Quote of the Day: "(George Lucas) seems to have forgotten what Star Wars was about. Or perhaps changed his mind." -- FoldedSpace.org
Is it just lack of creativity, a weak imagination, outright laziness that draws so many in Hollywood to make prequels to successful franchises? In the good ol' days that I always love talking about, we were complaining about the overabundance of lame sequels that rarely seemed to measure up to the originals. But now I yearn for sequels, I crave the continuation of stories in beloved sagas, because the powers-that-be are infatuated with prequels, those shallow harlots of cinema and television that give us nothing but empty promises of new adventures when in fact they provide nothing more than filler, oftentimes actually ruining the franchises rather than providing depth and a rich back story.
Star Wars is the greatest culprit of the disease I call Prequelitis. At the popular Dragon*Con convention in Atlanta this past Labor Day Weekend, George Lucas announced some details about his planned live-action television series set in his blockbuster Star Wars universe. (You can read a nice summary here at Examiner.com). Of course, no surprise, it will be part of the prequel era, taking place before A New Hope.
In my youth, I wanted nothing more than to see Darth Vader and Boba Fett hunting down any rogue survivor Jedi Knights across the Galaxy, committing atrocities in the name of the Empire that would spark the seeds for the growing Rebel Alliance. After the prequel trilogy of movies, after not one but two (or three, depending on how you count them) Clone Wars cartoons, after a couple of video games set in that era, I am prequeled out.
For the love of the Force, enough with the prequels!
It's time to movie the story forward. I want to live to see Episodes 7, 8, and 9 of the Star Wars saga, but George Lucas seems intent on sticking to pre-Episode 4 adventures, even if he's already given us Episodes 1, 2, and 3. He's now cramming in 1.5, 2.5, 3.5, and may eventually jump to negative numbers in an effort to avoid telling new tales in the proper chronology instead of continuing to dip in the prequel era. It's even more frustrating when he's allowed writers to create novels and comics set in the Expanded Universe and tell those stories about what happened to our favorite characters after Return of the Jedi. But fans crave live action versions. Will we ever see them?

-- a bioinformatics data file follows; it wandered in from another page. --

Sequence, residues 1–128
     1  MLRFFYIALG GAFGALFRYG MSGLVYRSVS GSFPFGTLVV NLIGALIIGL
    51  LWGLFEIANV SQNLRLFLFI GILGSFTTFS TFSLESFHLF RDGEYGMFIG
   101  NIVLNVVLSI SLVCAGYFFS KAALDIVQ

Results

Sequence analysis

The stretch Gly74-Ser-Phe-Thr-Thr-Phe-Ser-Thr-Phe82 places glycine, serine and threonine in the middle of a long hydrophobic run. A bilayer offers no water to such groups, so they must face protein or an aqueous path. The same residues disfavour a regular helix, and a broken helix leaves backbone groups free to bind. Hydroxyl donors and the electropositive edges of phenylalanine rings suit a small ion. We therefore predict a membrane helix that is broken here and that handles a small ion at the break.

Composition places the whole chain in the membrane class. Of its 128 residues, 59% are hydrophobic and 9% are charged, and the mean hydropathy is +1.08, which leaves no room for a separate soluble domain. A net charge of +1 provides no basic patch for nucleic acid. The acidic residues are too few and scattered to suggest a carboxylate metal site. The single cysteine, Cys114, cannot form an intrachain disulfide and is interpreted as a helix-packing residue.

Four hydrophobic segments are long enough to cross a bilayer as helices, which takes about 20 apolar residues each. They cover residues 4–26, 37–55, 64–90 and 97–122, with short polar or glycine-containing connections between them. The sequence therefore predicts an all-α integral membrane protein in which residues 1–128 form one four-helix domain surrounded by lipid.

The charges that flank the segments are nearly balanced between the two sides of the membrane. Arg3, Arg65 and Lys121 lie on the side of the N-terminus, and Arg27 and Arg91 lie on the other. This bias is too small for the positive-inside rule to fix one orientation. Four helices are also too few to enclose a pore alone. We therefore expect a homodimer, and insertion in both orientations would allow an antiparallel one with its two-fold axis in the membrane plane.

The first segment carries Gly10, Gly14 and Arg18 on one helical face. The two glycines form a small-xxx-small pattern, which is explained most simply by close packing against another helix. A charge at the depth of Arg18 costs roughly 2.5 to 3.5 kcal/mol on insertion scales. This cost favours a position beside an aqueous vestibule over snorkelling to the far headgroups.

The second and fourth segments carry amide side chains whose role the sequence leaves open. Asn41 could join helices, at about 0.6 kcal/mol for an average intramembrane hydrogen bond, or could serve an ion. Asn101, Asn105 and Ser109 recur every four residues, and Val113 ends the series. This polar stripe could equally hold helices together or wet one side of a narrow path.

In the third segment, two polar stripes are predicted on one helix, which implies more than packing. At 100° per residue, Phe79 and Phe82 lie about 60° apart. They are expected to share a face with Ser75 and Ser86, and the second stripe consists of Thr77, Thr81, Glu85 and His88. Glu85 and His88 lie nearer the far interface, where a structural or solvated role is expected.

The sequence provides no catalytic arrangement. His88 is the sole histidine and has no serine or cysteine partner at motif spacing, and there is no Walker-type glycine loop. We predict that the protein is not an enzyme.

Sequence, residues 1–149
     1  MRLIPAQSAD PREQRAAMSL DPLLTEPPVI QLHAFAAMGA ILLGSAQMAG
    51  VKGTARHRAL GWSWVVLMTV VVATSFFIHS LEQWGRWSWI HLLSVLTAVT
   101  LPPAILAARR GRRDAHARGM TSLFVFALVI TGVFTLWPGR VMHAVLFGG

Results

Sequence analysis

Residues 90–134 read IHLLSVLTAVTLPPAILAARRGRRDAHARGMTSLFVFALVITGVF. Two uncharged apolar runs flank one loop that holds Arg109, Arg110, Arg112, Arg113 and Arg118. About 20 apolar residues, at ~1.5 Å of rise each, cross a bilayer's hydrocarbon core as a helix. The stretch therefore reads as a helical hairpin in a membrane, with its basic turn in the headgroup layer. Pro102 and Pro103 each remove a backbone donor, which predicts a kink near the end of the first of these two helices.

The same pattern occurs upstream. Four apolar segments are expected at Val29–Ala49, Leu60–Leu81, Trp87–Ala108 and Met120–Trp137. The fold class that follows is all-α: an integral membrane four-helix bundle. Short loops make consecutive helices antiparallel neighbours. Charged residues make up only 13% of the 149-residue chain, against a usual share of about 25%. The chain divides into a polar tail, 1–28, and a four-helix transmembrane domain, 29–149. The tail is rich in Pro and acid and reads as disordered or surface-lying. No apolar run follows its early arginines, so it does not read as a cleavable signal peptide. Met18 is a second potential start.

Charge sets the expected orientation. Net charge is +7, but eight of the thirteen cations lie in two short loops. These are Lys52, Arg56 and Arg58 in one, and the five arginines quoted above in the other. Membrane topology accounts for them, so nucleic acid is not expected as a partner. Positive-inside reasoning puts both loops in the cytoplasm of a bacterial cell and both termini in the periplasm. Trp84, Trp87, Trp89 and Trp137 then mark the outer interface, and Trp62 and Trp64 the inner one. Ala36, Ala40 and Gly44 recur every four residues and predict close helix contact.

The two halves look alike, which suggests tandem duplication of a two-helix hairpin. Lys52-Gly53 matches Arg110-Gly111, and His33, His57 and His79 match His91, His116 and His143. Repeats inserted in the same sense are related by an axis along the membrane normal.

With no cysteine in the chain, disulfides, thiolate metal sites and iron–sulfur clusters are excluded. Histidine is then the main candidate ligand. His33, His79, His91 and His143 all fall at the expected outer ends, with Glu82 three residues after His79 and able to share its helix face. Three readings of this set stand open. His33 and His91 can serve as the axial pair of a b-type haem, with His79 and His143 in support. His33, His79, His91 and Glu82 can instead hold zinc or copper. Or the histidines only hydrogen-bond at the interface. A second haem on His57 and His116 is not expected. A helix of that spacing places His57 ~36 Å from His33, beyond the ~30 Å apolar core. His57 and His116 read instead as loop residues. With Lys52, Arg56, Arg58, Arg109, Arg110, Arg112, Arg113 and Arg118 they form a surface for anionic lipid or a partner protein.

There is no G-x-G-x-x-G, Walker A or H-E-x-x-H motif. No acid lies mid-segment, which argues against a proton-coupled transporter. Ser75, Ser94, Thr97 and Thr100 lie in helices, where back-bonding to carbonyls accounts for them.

This article at FoldedSpace.org perfectly sums up why the Star Wars prequels have taken a major step backwards creatively and left so many die hard fanatics cold. (And the author shares my idea that the story of Crouching Tiger Hidden Dragon would have made a much better prequel for the Star Wars saga.)
Other franchises too have been seduced to tread down the path of prequels. Io9.com featured a great story that clarifies the imaginative bankruptcy of prequels.
Like anything, prequels sometimes work. The most recent Star Trek movie was technically a prequel, but it was also a remake, reviving the series which had strayed for too long from Gene Roddenberry's original vision that it was becoming a parody of itself with countless spin offs, uninspired movies, and yes, a disastrous prequel television series called Enterprise. Going back to the roots of Classic Trek and young versions of the original characters was a bold and rewarding movie, but they did it in a way that, in my opinion, made the storyline fresh.
Star Wars, while always entertaining in its own way, did the worst thing possible in storytelling. It took all those great clues from the Original Trilogy about the back story of the Old Republic and the Clone Wars and how Anakin Skywalker became Darth Vader, those moments that were fleshed out in the speculating minds of fans everywhere for decades, and decided to show us what happened. And everyone should realize that no matter what Lucas decided to show us, it could never live up to our own imaginations.
In prequels, the level of suspense is always reduced, no matter what new elements you throw in, because we know how the story turns out. (Another reason the Star Trek reboot worked was the brilliant decision to make it an altered timeline, so that the unexpected can happen rather than being completely bound by existing continuity.)
I don't want to see a young Hannibal Lecter, I want to see what happens after Silence of the Lambs. I don't really want to see a prequel to Alien, but Ridley Scott is going to give us one anyway.
The hallmark of a good story is that it makes the audience beg to know "what happens next." Sadly, too many in Hollywood are shying away from proper continuations and are instead resorting to unnecessarily filling in the blanks of what happened before. Maybe someday they'll return again to focusing their time, energy, and resources to give us something really new instead of prequels, which are just cheap cop outs and an abuse of fans' patience when pushed to the extreme.